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Which initial IP loan should I get? No PPOR

Discussion in 'Property Finance' started by cooldudedavo, 18th Apr, 2016.

  1. cooldudedavo

    cooldudedavo New Member

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    Hi guys,

    I've been reading a lot of optimum loan setups for people with PPOR + IP's, with preferably P&I + offset on the PPOR, IO on the IP's to maximise tax deductions. I'm finding it hard to find the best way for people to start out who are living at home with my parents (and will do for a while).

    If your plan is to first buy an IP while living at home, then in a few years look towards buying my own PPOR, what kind of loan would you get on the initial IP?
     
  2. Jamie Moore

    Jamie Moore MORTGAGE BROKER - AUSTRALIA WIDE Business Member

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    IO with offset - all day everyday. Unless you're terrible with money.

    Place all your spare cash into the offset.

    When it comes time to purchase your PPOR - use the cash from the offset to cover the deposit/costs.

    Cheers

    Jamie
     
  3. cooldudedavo

    cooldudedavo New Member

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    So after a few years, after purchasing a PPOR with P&I as my second purchase, would I want a second offset to go against the new PPOR?

    Or would I restructure in some way the offset against the first IP?
     
  4. Terry_w

    Terry_w Solicitor, Finance Broker, CTA Business Member

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    Borrow 105% if you can.
    80% secured against the new property and 25% deposit and costs from elsewhere - parents if you can.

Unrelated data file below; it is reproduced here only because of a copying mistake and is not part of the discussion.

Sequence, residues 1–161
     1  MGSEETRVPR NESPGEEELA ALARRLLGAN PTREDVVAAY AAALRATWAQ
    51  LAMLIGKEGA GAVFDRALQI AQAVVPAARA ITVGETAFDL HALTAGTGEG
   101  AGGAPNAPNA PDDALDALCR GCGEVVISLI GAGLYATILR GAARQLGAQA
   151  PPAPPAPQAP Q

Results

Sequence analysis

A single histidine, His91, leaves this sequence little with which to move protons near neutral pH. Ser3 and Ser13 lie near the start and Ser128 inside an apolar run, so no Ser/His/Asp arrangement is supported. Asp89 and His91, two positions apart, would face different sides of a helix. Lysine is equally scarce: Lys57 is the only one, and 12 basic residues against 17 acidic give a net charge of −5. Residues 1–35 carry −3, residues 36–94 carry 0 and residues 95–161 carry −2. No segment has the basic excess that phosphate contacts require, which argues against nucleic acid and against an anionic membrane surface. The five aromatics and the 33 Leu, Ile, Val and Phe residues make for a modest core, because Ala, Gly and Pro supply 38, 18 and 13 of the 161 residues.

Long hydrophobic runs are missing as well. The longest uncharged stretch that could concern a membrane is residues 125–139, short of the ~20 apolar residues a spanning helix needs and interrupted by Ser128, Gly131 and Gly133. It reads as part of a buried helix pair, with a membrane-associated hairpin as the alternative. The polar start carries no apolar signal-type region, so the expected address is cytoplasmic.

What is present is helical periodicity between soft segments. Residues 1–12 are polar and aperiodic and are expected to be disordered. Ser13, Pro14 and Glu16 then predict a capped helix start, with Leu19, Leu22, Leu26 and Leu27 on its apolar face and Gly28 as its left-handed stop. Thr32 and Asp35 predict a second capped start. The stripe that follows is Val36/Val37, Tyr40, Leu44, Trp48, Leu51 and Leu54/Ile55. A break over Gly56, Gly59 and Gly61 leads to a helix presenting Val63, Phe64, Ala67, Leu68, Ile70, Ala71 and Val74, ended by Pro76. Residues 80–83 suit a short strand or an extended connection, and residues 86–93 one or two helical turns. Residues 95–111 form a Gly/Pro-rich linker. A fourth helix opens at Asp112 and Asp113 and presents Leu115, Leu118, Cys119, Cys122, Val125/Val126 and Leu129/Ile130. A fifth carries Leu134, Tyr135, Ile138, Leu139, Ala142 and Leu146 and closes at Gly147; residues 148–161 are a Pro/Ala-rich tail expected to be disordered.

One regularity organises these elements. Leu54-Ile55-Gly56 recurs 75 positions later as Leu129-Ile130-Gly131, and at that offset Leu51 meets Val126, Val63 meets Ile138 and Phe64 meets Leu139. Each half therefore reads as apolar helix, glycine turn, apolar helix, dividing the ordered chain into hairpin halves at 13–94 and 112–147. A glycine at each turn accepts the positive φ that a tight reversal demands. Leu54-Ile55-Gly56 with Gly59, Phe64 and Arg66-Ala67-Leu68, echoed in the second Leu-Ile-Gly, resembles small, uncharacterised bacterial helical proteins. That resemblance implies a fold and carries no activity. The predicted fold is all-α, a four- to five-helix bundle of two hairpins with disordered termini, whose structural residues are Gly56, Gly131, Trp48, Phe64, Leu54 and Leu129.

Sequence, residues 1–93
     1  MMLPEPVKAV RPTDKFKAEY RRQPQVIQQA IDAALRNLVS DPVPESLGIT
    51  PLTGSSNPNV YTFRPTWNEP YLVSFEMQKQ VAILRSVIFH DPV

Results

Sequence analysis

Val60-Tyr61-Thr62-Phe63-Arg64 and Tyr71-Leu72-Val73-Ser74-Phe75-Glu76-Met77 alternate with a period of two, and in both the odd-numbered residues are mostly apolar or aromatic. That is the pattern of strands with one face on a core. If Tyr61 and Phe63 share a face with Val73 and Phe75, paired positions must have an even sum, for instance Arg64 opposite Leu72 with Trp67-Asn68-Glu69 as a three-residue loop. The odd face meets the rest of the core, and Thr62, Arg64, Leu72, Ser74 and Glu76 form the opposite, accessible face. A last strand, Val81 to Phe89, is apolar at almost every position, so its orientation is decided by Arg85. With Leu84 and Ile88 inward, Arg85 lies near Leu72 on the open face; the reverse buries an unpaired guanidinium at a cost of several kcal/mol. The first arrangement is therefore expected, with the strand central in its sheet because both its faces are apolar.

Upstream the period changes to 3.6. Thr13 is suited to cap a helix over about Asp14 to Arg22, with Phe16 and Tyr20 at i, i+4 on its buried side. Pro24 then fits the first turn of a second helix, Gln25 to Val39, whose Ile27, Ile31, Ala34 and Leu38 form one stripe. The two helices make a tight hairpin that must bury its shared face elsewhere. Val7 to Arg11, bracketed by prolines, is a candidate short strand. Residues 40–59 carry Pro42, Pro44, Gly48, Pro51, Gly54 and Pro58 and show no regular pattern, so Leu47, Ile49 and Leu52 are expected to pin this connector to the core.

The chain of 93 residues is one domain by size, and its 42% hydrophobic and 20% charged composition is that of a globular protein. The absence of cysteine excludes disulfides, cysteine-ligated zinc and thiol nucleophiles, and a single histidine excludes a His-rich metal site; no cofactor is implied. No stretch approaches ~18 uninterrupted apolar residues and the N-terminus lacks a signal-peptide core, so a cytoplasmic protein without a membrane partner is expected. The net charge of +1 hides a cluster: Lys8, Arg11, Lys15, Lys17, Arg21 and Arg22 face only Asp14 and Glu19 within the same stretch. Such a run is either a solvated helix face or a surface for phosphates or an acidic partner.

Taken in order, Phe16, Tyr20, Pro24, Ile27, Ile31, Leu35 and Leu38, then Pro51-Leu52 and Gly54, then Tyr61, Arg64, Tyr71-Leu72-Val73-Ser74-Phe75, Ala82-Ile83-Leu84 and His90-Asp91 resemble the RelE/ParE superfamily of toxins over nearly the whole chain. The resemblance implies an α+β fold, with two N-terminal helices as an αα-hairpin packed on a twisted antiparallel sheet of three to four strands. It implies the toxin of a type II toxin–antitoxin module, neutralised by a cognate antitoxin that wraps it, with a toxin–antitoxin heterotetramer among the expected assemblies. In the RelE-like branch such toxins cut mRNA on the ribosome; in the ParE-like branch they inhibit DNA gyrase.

IO on both.

    Store your cash in the offset and when the value jumps refinance the 25% loan and pay back your parents.
     
  5. cooldudedavo

    cooldudedavo New Member

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    Thanks for the replies guys, appreciated.

    Definitely crunching some more numbers tonight.
     
  6. Jess Peletier

    Jess Peletier Mortgage Broker - Australia Wide Business Member

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    You'd get an offset against the new PPOR, and put all your offset cash into that.
     
  7. House

    House Well-Known Member Premium Member

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    Would you recommend going for 5 or 10yr IO at first?

    I know post APRA the borrowing power has changed significantly between 5 and 15yr IO loans but is there much of a difference between 5 and 10 years?
     
  8. Jamie Moore

    Jamie Moore MORTGAGE BROKER - AUSTRALIA WIDE Business Member

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    Generally go for the longest you can get.

    Cheers

    Jamie
     
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  9. Terry_w

    Terry_w Solicitor, Finance Broker, CTA Business Member

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    I would have phrased that differently Jamie.
     
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  10. househuntn

    househuntn Well-Known Member

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    What about at the end of the IO period, when the repayments are likely to go up?
    Loan Tip: Ticking Time Bomb of Interest Only Loans Expiring

    Is the idea to
    (a) refinance to another IO loan (which may be higher rate in future),
    (b) reset the loan term by switching lenders?
    (c) accumulate money in offset so if I have to switch to PI, it will reduce the repayments?
     
  11. Terry_w

    Terry_w Solicitor, Finance Broker, CTA Business Member

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    Could be any of those as well as:
    d) extend the IO period with the same lender.
     
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  12. househuntn

    househuntn Well-Known Member

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    Is an offset account kind of like a savings account? My understanding is that I put my salary in there to reduce interest repayments, but I will need to withdraw some money sometimes for living expenses?
     
  13. Terry_w

    Terry_w Solicitor, Finance Broker, CTA Business Member

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    An offset account is a savings account. The only difference is that it doesn't pay interest, but saves you interest on the loan instead.
     
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